BODRUM (A.A) - 06.11.2009 - Death toll reached six, including a Turkish citizen and three children, after a boat carrying illegal immigrants capsized off the Aegean coast of Turkey late Thursday, Turkish authorities said.The story of Palestinian Arabs risking their lives to illegally immigrate to Europe is one that gets swept under the rug. If it is mentioned at all it is assumed that Israeli policies are forcing this to happen, as this sickening Independent report said in 2007:
Coast guard and rescue teams recovered bodies of an Afghan illegal immigrant and a baby off Bodrum on Friday, officials said.
The Europe-bound boat was carrying illegal migrants from Palestine when it capsized off Bodrum's Akyarlar coast late Thursday. Four bodies were found earlier, while one was reported missing. Coast guard is still searching for the missing woman.
The number of immigrants rescued was reported 13 early on Friday.
Sixty-five years ago, the rickety boats fighting through the towering waves of the Mediterranean towards a new home were crammed with Jews escaping Nazi persecution. Today the boats are plying in the opposite direction, towards Europe, and increasingly their cargo is Palestinians - fleeing the living hell of Palestine.Go down a few paragraphs and you will see the "hell" that the Palestinian Arabs were escaping was not Israeli "occupation" but rather daily life under the PA:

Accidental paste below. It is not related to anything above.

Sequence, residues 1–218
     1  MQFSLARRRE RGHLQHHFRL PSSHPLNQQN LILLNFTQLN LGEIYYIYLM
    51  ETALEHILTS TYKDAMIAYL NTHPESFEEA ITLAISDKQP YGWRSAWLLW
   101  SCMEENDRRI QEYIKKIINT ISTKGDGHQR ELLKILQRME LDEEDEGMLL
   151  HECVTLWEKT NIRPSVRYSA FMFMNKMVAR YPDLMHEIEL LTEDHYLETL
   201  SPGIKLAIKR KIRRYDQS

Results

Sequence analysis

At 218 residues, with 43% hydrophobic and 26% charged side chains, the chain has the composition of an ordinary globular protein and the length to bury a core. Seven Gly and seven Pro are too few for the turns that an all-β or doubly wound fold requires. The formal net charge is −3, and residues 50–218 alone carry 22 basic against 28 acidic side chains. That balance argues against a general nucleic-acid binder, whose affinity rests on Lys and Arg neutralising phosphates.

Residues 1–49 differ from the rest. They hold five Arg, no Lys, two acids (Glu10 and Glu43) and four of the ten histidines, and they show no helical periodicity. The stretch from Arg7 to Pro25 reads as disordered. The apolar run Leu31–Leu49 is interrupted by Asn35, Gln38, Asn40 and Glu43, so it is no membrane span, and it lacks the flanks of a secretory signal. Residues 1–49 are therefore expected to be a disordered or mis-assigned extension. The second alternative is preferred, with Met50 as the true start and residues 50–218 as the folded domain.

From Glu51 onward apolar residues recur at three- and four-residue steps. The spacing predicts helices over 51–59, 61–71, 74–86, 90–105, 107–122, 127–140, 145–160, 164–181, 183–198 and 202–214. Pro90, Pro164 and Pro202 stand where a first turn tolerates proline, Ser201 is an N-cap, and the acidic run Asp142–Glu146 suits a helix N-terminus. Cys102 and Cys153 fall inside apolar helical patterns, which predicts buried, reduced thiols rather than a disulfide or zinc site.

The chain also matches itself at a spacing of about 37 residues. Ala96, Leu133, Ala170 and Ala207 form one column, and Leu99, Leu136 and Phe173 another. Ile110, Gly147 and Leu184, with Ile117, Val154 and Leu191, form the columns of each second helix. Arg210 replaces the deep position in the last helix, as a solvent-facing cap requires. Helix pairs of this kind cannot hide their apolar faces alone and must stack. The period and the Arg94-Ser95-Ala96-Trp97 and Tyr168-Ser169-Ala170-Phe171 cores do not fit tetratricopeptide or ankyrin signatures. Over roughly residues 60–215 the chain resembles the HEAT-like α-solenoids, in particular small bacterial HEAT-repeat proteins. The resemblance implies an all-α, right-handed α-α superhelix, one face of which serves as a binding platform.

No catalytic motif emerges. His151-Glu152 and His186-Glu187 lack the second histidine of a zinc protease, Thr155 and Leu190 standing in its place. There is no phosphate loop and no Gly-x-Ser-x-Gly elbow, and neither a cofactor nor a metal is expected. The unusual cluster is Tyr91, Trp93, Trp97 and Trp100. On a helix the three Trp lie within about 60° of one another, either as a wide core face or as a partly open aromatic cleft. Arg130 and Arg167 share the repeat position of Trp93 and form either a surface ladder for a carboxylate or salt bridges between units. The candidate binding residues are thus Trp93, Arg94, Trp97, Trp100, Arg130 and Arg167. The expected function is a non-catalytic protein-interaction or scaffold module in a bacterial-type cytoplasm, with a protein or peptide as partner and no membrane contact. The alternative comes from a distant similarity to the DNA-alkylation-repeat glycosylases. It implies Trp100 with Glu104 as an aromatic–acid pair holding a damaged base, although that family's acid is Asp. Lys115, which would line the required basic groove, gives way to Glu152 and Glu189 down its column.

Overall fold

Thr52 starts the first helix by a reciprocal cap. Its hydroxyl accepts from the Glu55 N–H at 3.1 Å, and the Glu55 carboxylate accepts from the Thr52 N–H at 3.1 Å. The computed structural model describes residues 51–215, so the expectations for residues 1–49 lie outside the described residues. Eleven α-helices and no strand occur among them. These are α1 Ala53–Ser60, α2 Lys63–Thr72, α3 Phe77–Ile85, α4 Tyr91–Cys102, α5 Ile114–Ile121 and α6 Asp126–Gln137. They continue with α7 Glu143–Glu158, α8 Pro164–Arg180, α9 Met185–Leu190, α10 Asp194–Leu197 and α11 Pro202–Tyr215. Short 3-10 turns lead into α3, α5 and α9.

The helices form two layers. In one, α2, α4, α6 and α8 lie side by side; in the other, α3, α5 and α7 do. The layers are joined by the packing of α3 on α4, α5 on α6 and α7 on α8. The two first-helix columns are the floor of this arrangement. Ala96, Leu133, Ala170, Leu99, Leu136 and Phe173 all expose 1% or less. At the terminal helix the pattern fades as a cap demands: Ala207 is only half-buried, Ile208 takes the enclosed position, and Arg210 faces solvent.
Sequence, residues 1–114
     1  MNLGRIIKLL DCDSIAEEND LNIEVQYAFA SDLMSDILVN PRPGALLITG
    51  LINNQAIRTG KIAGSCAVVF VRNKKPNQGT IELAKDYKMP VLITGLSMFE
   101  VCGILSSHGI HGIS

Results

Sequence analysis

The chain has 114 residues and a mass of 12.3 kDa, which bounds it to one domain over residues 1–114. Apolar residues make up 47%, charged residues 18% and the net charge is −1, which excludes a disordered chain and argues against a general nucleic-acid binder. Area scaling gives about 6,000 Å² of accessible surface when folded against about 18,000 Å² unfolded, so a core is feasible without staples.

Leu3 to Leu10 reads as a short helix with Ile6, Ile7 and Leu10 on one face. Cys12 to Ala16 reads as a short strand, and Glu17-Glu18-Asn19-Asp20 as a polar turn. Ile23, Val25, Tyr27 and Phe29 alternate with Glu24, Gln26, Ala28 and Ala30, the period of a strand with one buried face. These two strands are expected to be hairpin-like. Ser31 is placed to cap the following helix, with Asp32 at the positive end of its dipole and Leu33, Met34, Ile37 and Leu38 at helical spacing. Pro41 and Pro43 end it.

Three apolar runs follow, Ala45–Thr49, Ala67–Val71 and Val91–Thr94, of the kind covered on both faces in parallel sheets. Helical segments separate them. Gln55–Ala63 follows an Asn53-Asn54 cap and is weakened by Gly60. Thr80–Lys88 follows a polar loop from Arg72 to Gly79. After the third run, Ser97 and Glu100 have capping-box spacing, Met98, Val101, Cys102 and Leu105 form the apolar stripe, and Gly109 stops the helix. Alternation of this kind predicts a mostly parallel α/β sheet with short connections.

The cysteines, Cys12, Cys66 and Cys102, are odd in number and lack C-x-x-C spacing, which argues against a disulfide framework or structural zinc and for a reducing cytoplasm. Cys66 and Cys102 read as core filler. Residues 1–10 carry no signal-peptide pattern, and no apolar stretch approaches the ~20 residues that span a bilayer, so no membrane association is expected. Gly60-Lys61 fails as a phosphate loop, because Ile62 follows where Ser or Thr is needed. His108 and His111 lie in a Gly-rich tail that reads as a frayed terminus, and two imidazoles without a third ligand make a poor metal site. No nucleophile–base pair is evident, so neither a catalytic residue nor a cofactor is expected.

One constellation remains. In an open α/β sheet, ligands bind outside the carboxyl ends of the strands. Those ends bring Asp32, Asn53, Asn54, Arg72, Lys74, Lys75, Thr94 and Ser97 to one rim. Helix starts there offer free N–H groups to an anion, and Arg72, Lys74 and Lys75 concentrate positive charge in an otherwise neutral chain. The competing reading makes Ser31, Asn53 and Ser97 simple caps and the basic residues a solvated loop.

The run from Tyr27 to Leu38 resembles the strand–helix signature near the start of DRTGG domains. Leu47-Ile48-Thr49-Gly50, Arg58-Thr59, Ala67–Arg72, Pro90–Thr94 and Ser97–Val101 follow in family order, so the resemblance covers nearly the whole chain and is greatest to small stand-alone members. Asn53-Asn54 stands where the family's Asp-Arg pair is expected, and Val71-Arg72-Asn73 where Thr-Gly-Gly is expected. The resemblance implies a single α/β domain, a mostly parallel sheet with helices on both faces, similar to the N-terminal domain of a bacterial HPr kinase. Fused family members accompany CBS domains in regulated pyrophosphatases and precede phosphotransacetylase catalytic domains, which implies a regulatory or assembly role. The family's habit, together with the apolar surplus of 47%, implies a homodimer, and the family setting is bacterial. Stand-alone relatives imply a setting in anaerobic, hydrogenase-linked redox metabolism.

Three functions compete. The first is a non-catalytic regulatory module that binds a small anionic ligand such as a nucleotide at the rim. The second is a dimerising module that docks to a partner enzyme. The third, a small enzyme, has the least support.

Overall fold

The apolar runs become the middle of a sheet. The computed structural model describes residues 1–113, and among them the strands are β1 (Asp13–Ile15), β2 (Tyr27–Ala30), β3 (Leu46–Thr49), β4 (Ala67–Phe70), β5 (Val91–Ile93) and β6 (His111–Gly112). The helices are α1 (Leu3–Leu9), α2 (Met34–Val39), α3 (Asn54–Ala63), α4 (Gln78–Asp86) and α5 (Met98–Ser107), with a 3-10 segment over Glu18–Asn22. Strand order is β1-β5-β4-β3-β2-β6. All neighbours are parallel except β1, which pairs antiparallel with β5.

Later Abdelsiih Mohammed Ecsim (as the authorities recorded his name), a boy who marked his 14th birthday during the crossing, said through a Palestinian interpreter, "It was dark, I was shaking with fear - but only at the end, before that I was shaking with cold."So while the Independent is comparing life in Ramallah with European death camps, it is clear that a lot of Palestinian Arabs really don't want to live in Palestine to begin with.
"I ran away from Ramallah," he went on, "that's where my parents live. At Ramallah I went to school in the morning and worked as a bricklayer in the afternoon." By his reckoning the sea journey took nine days. With the other Palestinians he had fled his home town by lorry, hidden under tarpaulins, driving for many hours before arriving in some kind of reception centre, where they were joined by Sudanese from the Darfur region.
These are not isolated cases. According to Frontex, an organization that monitors Europe's borders,
The 1st phase of operation Poseidon 2007 took place on 15 May – 3 June 2007. During the sea part of the operation 910 illegal immigrants were intercepted, 194 forged or falsified travel documents were detected, 88 illegal immigrants were diverted to the country of departure and 13 facilitators were arrested. Main nationalities of illegal migrants identified during the operation were: Afghanistan, Somalia, Iraq and Albania.Europol describes the phenomenon of illegal immigration into Europe and accurately describes the fact that people choose to make such a move more because off the "pull" of a better life rather than the "push" of how bad their lives are now:
As for the land part of the operation, during this phase there were 70 refusals of entry at border crossing points, with the highest at the Bulgarian green border. Moreover there were 52 administrative offences at the border crossing points. At the green borders, 657 illegal migrants were apprehended. The main apprehensions took place at the Turkish-Greek border and the Albanian-Greek border. The main nationalities of those apprehended were Albanian, Iraqi, Palestinian, Afghan and Georgian.